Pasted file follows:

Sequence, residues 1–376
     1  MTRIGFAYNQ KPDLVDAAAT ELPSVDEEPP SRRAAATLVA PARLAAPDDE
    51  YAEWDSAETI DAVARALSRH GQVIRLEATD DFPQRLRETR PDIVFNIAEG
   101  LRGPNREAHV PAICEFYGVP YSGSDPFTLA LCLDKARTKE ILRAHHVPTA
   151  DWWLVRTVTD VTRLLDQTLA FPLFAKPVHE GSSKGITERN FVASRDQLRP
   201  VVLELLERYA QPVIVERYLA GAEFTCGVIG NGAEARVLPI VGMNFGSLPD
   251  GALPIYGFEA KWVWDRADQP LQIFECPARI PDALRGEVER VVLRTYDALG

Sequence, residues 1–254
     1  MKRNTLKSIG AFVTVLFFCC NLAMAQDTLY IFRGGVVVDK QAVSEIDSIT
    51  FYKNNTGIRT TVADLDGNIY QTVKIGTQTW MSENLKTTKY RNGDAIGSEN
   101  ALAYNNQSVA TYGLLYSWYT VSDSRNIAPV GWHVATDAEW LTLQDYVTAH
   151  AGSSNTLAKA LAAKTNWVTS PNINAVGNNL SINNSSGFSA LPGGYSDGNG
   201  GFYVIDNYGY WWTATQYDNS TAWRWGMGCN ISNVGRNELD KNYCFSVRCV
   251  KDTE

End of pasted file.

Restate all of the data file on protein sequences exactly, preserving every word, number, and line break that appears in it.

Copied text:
Sequence, residues 1–376
     1  MTRIGFAYNQ KPDLVDAAAT ELPSVDEEPP SRRAAATLVA PARLAAPDDE
    51  YAEWDSAETI DAVARALSRH GQVIRLEATD DFPQRLRETR PDIVFNIAEG
   101  LRGPNREAHV PAICEFYGVP YSGSDPFTLA LCLDKARTKE ILRAHHVPTA
   151  DWWLVRTVTD VTRLLDQTLA FPLFAKPVHE GSSKGITERN FVASRDQLRP
   201  VVLELLERYA QPVIVERYLA GAEFTCGVIG NGAEARVLPI VGMNFGSLPD
   251  GALPIYGFEA KWVWDRADQP LQIFECPARI PDALRGEVER VVLRTYDALG

Sequence, residues 1–254
     1  MKRNTLKSIG AFVTVLFFCC NLAMAQDTLY IFRGGVVVDK QAVSEIDSIT
    51  FYKNNTGIRT TVADLDGNIY QTVKIGTQTW MSENLKTTKY RNGDAIGSEN
   101  ALAYNNQSVA TYGLLYSWYT VSDSRNIAPV GWHVATDAEW LTLQDYVTAH
   151  AGSSNTLAKA LAAKTNWVTS PNINAVGNNL SINNSSGFSA LPGGYSDGNG
   201  GFYVIDNYGY WWTATQYDNS TAWRWGMGCN ISNVGRNELD KNYCFSVRCV
   251  KDTE